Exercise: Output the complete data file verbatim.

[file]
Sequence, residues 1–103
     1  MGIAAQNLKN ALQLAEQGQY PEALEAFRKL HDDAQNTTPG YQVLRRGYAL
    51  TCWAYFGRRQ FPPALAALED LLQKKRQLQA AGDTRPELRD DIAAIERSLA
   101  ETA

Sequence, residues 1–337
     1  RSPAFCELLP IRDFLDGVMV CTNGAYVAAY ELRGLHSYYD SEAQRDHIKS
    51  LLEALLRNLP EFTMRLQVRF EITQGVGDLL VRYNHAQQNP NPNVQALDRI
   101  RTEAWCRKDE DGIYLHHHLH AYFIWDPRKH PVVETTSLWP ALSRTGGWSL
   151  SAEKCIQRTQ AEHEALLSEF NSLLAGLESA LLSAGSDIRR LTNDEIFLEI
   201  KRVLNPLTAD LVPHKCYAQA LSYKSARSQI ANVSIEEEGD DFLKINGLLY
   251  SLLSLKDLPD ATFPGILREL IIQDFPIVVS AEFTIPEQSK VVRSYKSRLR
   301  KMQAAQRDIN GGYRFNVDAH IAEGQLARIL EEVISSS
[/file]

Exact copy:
Sequence, residues 1–103
     1  MGIAAQNLKN ALQLAEQGQY PEALEAFRKL HDDAQNTTPG YQVLRRGYAL
    51  TCWAYFGRRQ FPPALAALED LLQKKRQLQA AGDTRPELRD DIAAIERSLA
   101  ETA

Sequence, residues 1–337
     1  RSPAFCELLP IRDFLDGVMV CTNGAYVAAY ELRGLHSYYD SEAQRDHIKS
    51  LLEALLRNLP EFTMRLQVRF EITQGVGDLL VRYNHAQQNP NPNVQALDRI
   101  RTEAWCRKDE DGIYLHHHLH AYFIWDPRKH PVVETTSLWP ALSRTGGWSL
   151  SAEKCIQRTQ AEHEALLSEF NSLLAGLESA LLSAGSDIRR LTNDEIFLEI
   201  KRVLNPLTAD LVPHKCYAQA LSYKSARSQI ANVSIEEEGD DFLKINGLLY
   251  SLLSLKDLPD ATFPGILREL IIQDFPIVVS AEFTIPEQSK VVRSYKSRLR
   301  KMQAAQRDIN GGYRFNVDAH IAEGQLARIL EEVISSS